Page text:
In early 1977, while everyone else was occupied with pogo-ing around The Roxy, Sheffield based computer enthusiasts Martyn Ware and Ian Craig Marsh bought themselves a Korg 700s synthesizer, and busied themselves learning how to play it. With the idea of combining their love of Motown and glam rock with the new experimental synth based music, they burst onto the scene at a friends 21st birthday party with their rendition of the theme to Doctor Who.
Emboldened by their progress, they formed The Future and drafted in some other band members, including old school friend Phil Oakey on vocals. In keeping with their new expanded line-up, in early 1978 they changed their name to the Human League – a reference to Starforce: Alpha Centuri, a science fiction board game.
Releasing their first single “Being Boiled” on newly created Indie Label Fast Product, they secured a deal with Virgin Records – the future was looking electronically rosy. However, their first Virgin releases failed to chart, and their status as the leaders of the synth pack was seriously called into question when a young Gary Numan and his Tubeway Army barged in and scored a massive, synth-pumping, chart-busting hit with “Are Friends Electric?”.
So, with the fug of blame thick in the air, and on the brink of a European tour, the band split, leaving Oakey to rebuild the line-up in a matter of days, or face being sued.
Like anyone who needs something, Phil took himself into town on a desperate last minute shopping trip looking to recruit a new female singer, who could replace the high range backing vocals of Martyn Ware.
On that same Wednesday night, inside Sheffield’s Crazy Daisy disco, two school-friends were on the dance-floor, enjoying a night out at one of the City’s many nightclubs. Oakey and the Human League were already well-known in Sheffield, as much for their dress sense as the music, infact the girls already had tickets to see them at a forthcoming show in Doncaster. With no experience, no expectations and no audition, Phil strolled on over, asked them to join his band as singers and dancers, and after finding out their ages (17&18), he arranged a further unscheduled stop, complete with red lipstick and high heels, to their parents to ask permission for the girls to go on tour. Oh to be a fly on the wall when Mum and Dad Catherall were first introduced to their new friend “Nightclub Phil”.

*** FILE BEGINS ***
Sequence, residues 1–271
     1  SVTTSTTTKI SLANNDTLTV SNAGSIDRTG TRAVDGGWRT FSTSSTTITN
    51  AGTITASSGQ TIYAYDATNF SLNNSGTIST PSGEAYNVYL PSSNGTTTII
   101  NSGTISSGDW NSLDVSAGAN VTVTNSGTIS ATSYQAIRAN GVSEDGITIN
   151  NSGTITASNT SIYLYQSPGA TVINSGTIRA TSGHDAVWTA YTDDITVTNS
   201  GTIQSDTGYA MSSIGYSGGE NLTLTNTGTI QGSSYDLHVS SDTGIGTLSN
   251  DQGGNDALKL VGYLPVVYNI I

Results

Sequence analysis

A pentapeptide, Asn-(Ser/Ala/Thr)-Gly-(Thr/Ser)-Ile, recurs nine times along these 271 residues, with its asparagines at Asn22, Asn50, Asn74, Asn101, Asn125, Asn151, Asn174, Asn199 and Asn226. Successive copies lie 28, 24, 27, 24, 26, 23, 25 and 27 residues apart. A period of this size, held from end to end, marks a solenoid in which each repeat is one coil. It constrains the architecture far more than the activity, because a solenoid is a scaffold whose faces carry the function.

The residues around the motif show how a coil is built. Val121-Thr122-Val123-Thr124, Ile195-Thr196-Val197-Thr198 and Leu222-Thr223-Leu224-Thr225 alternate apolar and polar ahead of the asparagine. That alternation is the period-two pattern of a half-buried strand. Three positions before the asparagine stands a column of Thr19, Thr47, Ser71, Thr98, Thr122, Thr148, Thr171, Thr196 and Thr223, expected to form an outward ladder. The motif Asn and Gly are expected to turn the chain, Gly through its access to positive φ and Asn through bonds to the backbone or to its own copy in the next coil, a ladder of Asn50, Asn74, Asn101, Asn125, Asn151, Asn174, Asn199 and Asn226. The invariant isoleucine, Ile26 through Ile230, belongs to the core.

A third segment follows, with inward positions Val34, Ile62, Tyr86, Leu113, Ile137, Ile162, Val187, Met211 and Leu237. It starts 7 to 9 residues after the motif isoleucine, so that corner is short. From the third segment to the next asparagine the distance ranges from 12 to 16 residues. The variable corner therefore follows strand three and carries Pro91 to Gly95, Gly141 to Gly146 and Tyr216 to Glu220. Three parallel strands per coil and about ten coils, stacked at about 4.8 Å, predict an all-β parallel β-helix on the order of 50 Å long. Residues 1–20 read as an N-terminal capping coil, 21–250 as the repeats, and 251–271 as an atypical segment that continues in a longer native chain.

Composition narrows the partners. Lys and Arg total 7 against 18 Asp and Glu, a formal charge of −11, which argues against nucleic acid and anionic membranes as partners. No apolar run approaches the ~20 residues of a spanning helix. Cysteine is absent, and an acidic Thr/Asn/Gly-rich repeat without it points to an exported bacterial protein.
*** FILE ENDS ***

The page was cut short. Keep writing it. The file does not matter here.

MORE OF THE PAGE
In a Kids from Fame meets Cinderella moment, their parents and their school agreed that the experience would be “educational”, and although Phil’s new “dancing girls” were mocked in the press, after returning from tour, Phil was so impressed he made them both permanent members of the band and put them on a salary.
In October 1981, Virgin released the album “Dare” which spent 4 weeks at Number One and spawned the single “Don’t You Want Me?” which went onto sell 1.5 million copies in the UK hogging the Christmas number one spot, and every radio playlist ever from there on in. The girls, especially Joanne featured heavily in the accompanying video, and we think their presence had much to do with bringing the Human League up to a whole new audience. The rest, we think, you probably already know…
Joanne and Susan Ann, although not traditional Punk girls, deserve some sort of retrospective consideration. They were just a different embodiment of the gutsy get up and go, the have-a-go heroes which Punk seeded. They went from school girl disco dancers, to being members of one of the UK’s most cutting edge (if beleaguered) bands, literally overnight. The parental permission, the weeks off school, the claws of the critics and the potential pitfalls of fame, apparently did nothing to dent their self-belief.
Rumours have swirled around camp Pop for years that Phil must have been dating either one or the other of them. Was he? Wasn’t he? What was the deal? And which one?
In an interview with the Daily Mail (of all places), Sue seems to confirm the answer to this most gripping of questions by saying;
“Both Joanne and I have been involved with Phil. She lived with him for ages, but with me it was a brief romance. It’s not been a problem; we’ve been best friends since we were 13.”
Apart from founder member Phil Oakey, Joanne and Susan Ann are now the Human League’s longest serving members.